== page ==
Were it not for Wall Street underwriting the mountains of debt that Big Tech firms like Amazon and Facebook were able to acquire, allowing them to engage in potentially illegal share buybacks and spiking their stock prices to “unfathomable levels,” to quote Pam and Russ Martens from Wall Street on Parade, then Big Tech would not even exist, at least not like it does currently.
Despite the serious conflicts of interest involved with this process, major Wall Street banks for years have been putting out buy ratings on stocks for all of the major tech giants. This, in effect, has encouraged retail stockbrokers connected with these banks to continue buying up these stocks, driving up their values to obscene levels.
Wall Street banks have likewise been actively trading the stocks of tech giants in what are known as “Dark Pools,” or unregulated stock exchanges that the SEC allows to operate internally within these same banks. Though there is no valid reason to allow such internal trading, the SEC has been sanctioning it for quite some time now, unbeknownst to most average Americans.
“For all anyone knows, these banks could be making a two-sided market in these stocks,” the Martens further write. “But Congress will never be able to figure that out because the Securities and Exchange Commission has been stalling for years to complete its work on a consolidated audit trail (CAT) that could monitor and catch manipulations of stock prices.”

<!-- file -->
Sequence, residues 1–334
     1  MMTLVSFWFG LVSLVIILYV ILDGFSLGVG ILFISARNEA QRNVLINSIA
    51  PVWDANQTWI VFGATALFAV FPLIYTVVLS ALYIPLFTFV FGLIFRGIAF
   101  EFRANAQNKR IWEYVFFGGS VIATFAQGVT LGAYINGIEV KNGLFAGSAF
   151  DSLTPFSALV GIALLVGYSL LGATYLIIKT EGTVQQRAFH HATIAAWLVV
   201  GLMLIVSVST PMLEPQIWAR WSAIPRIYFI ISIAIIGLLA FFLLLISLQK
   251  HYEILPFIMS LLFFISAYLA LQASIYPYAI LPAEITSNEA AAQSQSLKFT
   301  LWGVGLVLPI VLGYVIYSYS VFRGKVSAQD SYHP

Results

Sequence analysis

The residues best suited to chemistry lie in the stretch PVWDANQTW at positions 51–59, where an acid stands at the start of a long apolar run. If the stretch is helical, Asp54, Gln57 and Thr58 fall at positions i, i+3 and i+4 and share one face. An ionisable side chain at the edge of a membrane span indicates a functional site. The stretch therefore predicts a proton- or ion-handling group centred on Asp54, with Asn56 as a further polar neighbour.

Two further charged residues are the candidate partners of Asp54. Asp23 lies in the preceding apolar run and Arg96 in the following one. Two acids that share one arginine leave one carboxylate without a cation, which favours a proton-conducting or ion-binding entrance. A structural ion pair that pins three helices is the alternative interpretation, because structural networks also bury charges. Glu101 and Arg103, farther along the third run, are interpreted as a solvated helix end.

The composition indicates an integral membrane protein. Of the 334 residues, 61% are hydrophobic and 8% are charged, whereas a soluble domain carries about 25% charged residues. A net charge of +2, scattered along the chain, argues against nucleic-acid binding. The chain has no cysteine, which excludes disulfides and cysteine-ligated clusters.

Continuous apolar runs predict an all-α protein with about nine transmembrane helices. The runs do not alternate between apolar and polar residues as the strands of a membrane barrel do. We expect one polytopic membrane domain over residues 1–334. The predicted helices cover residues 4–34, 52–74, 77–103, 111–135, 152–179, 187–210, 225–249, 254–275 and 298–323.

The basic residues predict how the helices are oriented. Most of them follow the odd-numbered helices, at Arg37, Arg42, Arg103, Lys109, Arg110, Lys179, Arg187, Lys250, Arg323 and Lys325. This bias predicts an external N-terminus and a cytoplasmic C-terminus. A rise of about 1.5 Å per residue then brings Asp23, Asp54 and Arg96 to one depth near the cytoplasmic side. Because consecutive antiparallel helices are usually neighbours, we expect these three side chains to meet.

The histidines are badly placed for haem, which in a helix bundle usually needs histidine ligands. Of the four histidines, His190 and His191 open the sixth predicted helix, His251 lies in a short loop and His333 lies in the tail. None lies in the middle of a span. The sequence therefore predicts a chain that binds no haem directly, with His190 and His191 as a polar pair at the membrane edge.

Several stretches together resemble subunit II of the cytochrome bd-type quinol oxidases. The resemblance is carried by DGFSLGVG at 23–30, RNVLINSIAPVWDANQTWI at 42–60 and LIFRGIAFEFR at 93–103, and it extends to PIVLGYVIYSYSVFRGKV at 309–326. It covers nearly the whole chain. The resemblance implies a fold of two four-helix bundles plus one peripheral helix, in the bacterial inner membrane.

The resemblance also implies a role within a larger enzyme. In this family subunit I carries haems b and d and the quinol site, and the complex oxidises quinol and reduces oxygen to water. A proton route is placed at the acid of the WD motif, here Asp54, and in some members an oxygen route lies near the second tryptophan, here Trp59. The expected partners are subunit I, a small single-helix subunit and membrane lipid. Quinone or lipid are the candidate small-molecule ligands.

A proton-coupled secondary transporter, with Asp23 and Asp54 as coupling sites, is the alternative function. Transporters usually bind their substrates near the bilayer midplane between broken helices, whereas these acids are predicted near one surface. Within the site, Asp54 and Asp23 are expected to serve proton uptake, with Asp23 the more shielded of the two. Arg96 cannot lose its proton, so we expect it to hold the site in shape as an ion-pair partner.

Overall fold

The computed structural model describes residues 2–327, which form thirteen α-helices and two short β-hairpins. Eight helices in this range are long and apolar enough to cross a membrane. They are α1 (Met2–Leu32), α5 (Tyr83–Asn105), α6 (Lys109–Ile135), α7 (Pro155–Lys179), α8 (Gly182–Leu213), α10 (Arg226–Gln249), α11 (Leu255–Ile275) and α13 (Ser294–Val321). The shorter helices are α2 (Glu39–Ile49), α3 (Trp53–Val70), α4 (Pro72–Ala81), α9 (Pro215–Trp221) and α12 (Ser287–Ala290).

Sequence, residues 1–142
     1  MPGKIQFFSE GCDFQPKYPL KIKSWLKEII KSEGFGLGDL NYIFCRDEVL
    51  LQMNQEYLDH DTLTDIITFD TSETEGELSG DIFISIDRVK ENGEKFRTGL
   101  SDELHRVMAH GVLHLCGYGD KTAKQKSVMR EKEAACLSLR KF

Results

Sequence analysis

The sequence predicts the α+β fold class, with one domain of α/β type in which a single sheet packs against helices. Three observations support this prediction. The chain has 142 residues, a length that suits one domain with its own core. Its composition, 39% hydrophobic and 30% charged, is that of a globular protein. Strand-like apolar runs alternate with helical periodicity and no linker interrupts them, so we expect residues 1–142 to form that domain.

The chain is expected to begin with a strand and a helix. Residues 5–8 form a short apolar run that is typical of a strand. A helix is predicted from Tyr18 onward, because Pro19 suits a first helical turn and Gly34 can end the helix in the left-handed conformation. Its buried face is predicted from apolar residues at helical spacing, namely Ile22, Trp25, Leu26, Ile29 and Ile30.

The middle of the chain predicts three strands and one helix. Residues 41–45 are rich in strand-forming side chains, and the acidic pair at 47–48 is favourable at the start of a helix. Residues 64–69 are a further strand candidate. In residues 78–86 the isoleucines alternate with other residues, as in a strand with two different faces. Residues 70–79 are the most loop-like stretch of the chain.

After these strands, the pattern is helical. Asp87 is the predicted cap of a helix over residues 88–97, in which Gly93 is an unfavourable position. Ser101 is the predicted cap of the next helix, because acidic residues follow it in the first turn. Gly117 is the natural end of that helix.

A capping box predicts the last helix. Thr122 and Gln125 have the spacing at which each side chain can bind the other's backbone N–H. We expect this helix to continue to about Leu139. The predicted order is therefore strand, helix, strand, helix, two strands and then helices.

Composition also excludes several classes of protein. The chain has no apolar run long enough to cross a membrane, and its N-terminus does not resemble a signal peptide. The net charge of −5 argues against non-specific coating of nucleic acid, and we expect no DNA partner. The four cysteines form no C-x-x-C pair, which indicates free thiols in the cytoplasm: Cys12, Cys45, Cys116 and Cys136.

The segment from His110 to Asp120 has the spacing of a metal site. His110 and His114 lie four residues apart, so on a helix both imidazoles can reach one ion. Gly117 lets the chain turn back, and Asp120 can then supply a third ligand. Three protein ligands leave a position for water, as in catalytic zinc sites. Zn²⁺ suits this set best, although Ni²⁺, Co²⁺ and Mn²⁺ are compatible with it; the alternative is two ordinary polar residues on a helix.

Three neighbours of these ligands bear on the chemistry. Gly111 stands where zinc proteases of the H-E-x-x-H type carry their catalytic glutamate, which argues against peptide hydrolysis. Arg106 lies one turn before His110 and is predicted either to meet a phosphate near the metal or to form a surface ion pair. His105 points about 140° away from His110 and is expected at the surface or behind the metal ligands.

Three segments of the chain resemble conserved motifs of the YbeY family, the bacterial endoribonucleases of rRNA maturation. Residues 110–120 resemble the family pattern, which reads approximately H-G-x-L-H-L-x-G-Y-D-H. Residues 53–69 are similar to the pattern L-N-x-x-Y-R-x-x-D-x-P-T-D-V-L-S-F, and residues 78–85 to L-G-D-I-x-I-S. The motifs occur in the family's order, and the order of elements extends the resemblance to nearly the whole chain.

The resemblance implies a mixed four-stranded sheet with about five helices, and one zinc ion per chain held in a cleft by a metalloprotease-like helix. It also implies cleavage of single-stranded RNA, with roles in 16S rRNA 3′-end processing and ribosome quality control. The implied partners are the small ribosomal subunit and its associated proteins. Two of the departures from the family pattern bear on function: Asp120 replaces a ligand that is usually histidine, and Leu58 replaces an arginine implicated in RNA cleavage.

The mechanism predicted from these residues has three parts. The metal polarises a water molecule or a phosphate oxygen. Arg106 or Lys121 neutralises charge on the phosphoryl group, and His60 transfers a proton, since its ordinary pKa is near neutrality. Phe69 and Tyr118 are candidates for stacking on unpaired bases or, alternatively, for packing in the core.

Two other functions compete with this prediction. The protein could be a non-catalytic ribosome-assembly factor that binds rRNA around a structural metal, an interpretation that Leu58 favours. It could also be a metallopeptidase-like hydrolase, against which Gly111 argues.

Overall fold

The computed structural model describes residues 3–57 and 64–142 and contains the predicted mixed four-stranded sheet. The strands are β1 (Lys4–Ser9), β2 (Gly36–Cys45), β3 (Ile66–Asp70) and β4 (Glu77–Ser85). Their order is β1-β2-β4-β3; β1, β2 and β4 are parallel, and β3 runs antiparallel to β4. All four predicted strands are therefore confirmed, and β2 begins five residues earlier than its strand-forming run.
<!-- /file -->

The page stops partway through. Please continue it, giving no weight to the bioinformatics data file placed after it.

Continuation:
In other words, Big Tech is a product not simply of itself, but of the entire corrupt financial system that basically dictates life here in America. Wall Street, the federal reserve, and the federal government have essentially been conspiring all these years to grow and empower Silicon Valley into a certifiable beast system, which will never go away unless the snake is cut off at its head.
“Until these Wall Street issues are addressed, monopolistic policies and practices will continue unabated in America, including among the largest Wall Street banks, which are also allowed to trade their own bank stock in their own Dark Pools,” the Martens explained.
So while it is encouraging to see companies like Facebook, Twitter, Apple, and Amazon face much-needed scrutiny by our elected officials, the missing Wall Street component almost ensures that nothing will ever actually be accomplished other than a lot of bellyaching and unfulfilled promises.
Rep. Matt Gaetz, for instance, has been calling out Big Tech for years, while accomplishing next to nothing in terms of actually reigning it in and putting a stop to widespread censorship. He and other have also systematically ignored the Wall Street and SEC component, which is rotten to the core and directly responsible for all of the problems we now face with Big Tech.
“While a few Republicans showed sincere concern in the monopoly power of these tech giants, the majority of Republicans wasted their time whining about a liberal bias at the four tech companies,” the Martens explain about how the Republican probe into Big Tech is largely misplaced because it is inherently focused on the wrong target.
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